The Leelanau County Board of Commissioners will not dispute a workman’s compensation settlement reached with one of the deputies who sued the county, its sheriff and undersheriff in federal court.
Former deputy Sgt. Michael Lamb walked away from his job in the sheriff’s department in May 2009, three months after he and three other deputies sued the sheriff for violating their civil rights. Lamb claimed that he could no longer work for the sheriff due to psychological stress; he began receiving disability payments.
Lamb and the three other deputies are expected to be awarded an undisclosed sum of money early next year following last month’s settlement of their federal lawsuit. Now Lamb is expected to receive an additional, undisclosed amount to settle his disability claim as well.
This week, a federal court recorder in Grand Rapids sold the Enterprise a transcript of an Oct. 10 hearing in which U.S. District Judge Janet Neff expressed concern that the Leelanau County Board of Commissioners could run afoul of public disclosure laws by keeping secret the amount of money to be paid to the four deputies.
At the Oct. 10 hearing, attorneys for both sides in the federal lawsuit asked the judge to keep the amount of the settlement out of a court document that might automatically become available to the public once it is signed by her in January.
“I’m not going to do that,” Neff replied, according to a transcript of the proceedings. “The number has got to be in the document because I do believe that even though your settlement may be subject to discovery via (the Freedom of Information Act), that doesn’t mean that it is necessarily available to anybody who wants to look at it who happens to be a taxpayer in Leelanau County or some other member of the public.
“And so the number is going to have to be in the document.”
“Just trying to process what that means with respect to the record and — can I have just a few minutes to talk to my client on that?” asked the county’s attorney Christopher K. Cooke.
Also present in the courtroom during the settlement hearing were Sheriff Michael Oltersdorf, Undersheriff Scott Wooters, county administrator Chet Janik, county board chairman Tom Van Pelt, and a representative from the county’s insurance carrier, the Michigan Municipal Risk Management Agency (MMRMA).
In addition, the four plaintiffs — Lamb, Sgt. James Kiessel, Deputy Mike Bankey and Deputy Duane Wright — were present in the courtroom with their three attorneys.
Following an off-the-record discussion in the courtroom, the parties and the judge agreed that a settlement agreement signed by her after June 2 would contain “the payment of X amount of dollars to the plaintiffs from the defendants, and other terms and conditions that have been agreed to by the parties.”
The judge asked whether the need to delay a final settlement of the case until January 2013 had anything to do with the county’s and its insurance carrier’s fiscal year.
The response from Cooke was “yes.”
Earlier this week, Cooke was still listed as a partner in the law firm Cummings, McClorey, Davis & Acho on the firm’s website. However, a receptionist working for the firm said Tuesday that Cooke “is no longer with us,” that he now operated out of his own law office, and that she did not have a phone number for him.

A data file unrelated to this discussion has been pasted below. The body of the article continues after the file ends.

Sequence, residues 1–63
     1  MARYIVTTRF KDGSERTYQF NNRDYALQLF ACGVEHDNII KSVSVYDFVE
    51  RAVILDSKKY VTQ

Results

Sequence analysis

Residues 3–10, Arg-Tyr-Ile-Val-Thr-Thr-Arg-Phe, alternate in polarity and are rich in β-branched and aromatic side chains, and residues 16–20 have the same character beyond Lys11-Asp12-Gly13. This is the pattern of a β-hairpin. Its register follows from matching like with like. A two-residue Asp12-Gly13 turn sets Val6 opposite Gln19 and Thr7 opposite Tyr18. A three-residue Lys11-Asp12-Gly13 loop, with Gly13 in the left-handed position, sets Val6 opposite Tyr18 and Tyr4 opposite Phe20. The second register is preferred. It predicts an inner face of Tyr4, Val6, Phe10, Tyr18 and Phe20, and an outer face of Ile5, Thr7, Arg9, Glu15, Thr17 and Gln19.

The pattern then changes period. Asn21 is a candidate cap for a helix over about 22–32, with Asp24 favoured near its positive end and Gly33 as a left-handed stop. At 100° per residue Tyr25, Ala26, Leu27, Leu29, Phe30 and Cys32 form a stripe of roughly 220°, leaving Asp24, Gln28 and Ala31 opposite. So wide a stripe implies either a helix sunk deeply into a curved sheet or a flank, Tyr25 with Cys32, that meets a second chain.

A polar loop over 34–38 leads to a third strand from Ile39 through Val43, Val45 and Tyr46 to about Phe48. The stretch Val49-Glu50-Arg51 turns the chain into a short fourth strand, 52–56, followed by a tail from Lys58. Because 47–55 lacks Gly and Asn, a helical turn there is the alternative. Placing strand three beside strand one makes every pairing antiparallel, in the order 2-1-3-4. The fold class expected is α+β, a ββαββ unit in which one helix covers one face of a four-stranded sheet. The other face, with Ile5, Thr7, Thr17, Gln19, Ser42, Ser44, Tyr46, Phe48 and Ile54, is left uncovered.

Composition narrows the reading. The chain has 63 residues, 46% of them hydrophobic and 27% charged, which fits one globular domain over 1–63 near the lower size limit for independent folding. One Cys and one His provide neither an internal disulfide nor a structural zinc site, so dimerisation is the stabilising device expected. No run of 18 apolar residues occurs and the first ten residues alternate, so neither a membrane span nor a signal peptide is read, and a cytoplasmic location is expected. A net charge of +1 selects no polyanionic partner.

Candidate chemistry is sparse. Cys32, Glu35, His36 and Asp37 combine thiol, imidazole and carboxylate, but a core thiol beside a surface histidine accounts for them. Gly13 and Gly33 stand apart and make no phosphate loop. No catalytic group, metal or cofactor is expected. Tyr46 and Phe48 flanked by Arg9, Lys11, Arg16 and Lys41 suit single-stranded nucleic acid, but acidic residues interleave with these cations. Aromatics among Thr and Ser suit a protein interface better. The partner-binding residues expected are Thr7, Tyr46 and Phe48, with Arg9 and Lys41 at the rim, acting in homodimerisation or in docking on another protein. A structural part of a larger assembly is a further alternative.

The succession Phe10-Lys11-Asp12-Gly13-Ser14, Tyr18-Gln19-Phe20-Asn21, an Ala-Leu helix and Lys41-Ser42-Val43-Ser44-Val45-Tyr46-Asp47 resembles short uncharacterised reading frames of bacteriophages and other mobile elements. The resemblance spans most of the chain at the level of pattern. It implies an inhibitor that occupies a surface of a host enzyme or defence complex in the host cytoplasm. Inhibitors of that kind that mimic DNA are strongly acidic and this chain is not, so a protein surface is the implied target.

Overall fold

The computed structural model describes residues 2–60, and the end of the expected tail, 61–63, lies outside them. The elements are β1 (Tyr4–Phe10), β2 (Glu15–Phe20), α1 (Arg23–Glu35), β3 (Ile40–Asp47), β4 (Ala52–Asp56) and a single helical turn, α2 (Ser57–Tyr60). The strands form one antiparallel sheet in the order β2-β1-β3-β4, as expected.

Another attorney with the firm who assisted Cooke in the case, Haider Kazim, did not immediately return a phone call from a reporter. The firm is retained by the county’s insurance carrier, MMRMA.
As for Sgt. Lamb’s disability claim, the Leelanau County Board of Commissioners went into a closed session at its regular monthly executive committee meeting on Nov. 13 to discuss the issue with an attorney from the Accident Fund of Michigan, Michael Wagner.
Following a half-hour closed session, commissioners emerged from behind closed doors. District No. 7 commissioner Melinda Lautner moved that “Leelanau County not dispute the workman’s compensation settlement in regards to Michael Lamb, as proposed by the Accident Fund of Michigan, pending final proposed language,” according to minutes of the meeting.
Lautner’s motion carried 4-0 with District No.2 commissioner James A. Schaub Sr., District No. 3 commissioner Richard A. Schmuckal and District No. 5 commissioner David W. “Chauncey” Shiflett absent.
The board subsequently approved its executive committee’s recommendation at the regular monthly county board meeting last week.
“This decision doesn’t mean the County Board endorses the settlement agreement with Sgt. Lamb,” county administrator Janik noted. “It just means we won’t dispute it.”
Dollar amounts to settle both the federal court case and Lamb’s workman’s compensation claim are expected to be released in early January.
In the federal lawsuit, the deputies alleged that the sheriff violated their civil rights by recording and listening to “private” phone conversations they made on government phone lines in the county Law Enforcement Center during duty hours. The deputies also alleged that the sheriff retaliated against them for speaking out against him and for their police union activities.
Two of the plaintiff deputies in the federal lawsuit against the sheriff, Kiessel and Wright, are themselves currently the targets of a federal court lawsuit alleging that they violated the civil rights of two Leland residents during a drunken driving arrest at their home in 2009. The suit was filed last month just before the statute of limitations would have rendered the issue moot. There has been almost no activity in the new federal case since it was filed.